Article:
The same sort of thing happens in addiction, when a person is surrounded by those that are addicted and who benefit from the person staying addicted. An example was Amy Winehouse, kept addicted by a boyfriend who fed off of her money and popularity, and record promoters that wanted her to function like a machine making money for them, something she was longing to stop. She saw that she was heading towards ruin, and gave a final apology to her closest friends before killing herself with alcohol. 

Thanks again for your almost always well thought out and spot on thoughts.  I am quite thrilled that maybe I have this observed quasi contradiction figured out.  

 

I have been bothered for some time why my response to deconstruction was so immediate, and different, than so many others.  What you are saying makes a lot of sense.  It is the trauma, real and remembered, that generates the anxiety.  

 

For me, removing my religious programming was an action that firewalled off most all of the trama.  There is nothing else in my life, sans religious advertising/social media, insisting I relive and reprocess their abusive mental garbage.  Few childhood memories, out side of Sunday School, to reprocess.  And, most importantly, no family interjecting along the way, one of the few bonuses that comes from losing all immediate birth family at only age 45.

It makes sense.   :)

 

I am open to all discussion on this, confirming or noncomfirming.

 

Eight years without anxiety whatsoever.  Life is so much better.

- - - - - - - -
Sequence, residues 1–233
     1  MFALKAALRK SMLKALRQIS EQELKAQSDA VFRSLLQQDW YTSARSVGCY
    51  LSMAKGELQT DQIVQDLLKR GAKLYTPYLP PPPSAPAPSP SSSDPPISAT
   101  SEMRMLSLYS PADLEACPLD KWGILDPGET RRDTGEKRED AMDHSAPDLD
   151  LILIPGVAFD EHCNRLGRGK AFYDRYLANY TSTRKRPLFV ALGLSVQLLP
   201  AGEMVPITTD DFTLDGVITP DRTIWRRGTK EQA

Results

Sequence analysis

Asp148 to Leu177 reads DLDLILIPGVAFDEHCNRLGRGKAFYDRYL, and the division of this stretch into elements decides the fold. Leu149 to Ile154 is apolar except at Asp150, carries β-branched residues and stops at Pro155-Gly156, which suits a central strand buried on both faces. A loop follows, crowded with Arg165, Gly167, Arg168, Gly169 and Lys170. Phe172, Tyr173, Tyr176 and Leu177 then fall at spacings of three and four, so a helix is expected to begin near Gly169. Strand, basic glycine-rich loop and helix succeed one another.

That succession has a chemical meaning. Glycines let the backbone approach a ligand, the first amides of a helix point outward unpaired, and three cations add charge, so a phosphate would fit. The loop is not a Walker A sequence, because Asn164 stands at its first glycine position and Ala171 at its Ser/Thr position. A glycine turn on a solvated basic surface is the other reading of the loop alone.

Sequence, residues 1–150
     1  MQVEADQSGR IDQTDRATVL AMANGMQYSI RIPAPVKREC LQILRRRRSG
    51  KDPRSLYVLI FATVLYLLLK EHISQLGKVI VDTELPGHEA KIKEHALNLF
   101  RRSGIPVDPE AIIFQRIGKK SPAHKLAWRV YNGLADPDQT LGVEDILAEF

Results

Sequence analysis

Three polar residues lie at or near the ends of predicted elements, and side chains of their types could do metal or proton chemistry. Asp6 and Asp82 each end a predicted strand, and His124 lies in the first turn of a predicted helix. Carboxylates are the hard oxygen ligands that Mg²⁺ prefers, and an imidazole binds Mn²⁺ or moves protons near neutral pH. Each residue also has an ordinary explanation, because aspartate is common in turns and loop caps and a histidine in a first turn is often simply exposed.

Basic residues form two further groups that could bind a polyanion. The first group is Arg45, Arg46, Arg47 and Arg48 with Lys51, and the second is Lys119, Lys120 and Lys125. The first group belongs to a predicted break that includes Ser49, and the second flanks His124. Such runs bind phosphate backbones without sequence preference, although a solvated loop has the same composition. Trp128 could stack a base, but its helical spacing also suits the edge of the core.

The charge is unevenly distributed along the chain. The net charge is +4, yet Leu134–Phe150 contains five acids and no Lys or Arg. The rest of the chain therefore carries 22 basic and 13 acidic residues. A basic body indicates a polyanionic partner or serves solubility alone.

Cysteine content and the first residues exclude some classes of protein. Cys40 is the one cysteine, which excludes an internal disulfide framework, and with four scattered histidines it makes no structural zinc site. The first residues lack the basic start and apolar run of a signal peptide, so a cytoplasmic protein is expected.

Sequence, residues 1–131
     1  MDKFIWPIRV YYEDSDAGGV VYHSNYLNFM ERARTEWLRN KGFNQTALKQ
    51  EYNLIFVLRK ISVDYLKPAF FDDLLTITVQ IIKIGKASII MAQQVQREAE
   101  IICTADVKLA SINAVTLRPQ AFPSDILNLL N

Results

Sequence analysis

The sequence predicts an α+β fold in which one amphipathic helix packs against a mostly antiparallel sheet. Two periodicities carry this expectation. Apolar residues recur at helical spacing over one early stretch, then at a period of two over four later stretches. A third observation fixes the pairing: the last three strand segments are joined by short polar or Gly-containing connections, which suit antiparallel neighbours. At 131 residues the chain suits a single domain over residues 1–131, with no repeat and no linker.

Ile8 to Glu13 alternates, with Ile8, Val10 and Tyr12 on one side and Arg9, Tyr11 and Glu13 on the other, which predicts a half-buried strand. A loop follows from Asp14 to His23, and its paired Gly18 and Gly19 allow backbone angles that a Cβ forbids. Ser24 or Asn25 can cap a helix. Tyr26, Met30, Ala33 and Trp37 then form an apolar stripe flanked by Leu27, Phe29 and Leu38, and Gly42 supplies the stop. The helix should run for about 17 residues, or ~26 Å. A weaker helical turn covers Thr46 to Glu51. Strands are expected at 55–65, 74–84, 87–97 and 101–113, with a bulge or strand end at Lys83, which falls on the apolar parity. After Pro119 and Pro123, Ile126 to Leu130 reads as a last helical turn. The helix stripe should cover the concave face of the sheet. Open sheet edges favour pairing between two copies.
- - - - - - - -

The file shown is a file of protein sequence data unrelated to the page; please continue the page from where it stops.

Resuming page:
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Well that is not my case. I think these are things which are hard to fully comprehend because many factors chip in and are very dynamic. 

       I would like to say that for people who suffer from physical sexual abuse or any other really traumatasing interpersonal connection within the religious environment things rarely dissapear fast. 

     It also depends on the depth of your devotion ( not to have some match here, i am referring to practical things like did you have a clerical position , time spent praying or preaching, etc) 

    And as was said, on the current environment you are in. A small town in the south where the church is vital and all the folk know each other and you are basically alone is different from downtown New York. Also the type of church - small denomination or worlwide presence and histofical importance like the the Roman Catholics? 

       Maybe even genetics and basic brain wiring.

    And etc.

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Certainly one's environment, previous abusive treatment, and genetics also play into the mix. I've seen several folks on here who have a terrible struggle letting go of fears, and at least one who was very active on the boards go back into Christianity due to mental and emotional pressures. Any mental illness will magnify the difficulty.

 

For CTS above, finding reality was a matter of getting away from the mental programming, so environment was key. He also has a very sharp mind, so was able to review and discard the false information he'd been given. 

 

For me, once I recognized that Christianity wasn't true, the fears disappeared along with the god. It still took a few years to purge some deep fears I'd had since childhood. Breaking the other huge anxiety I faced recently took a combination of other people's help and actively reprogramming my mind over a month or two, as well as recognizing the decades of programming I had as a child for dealing with issues. That took facing the fear on purpose every day and night, and talking to that part of my mind to help it recognize the incorrect programming and accept a new approach. That wasn't something I'd had to do before and was eye-opening on how the brain works.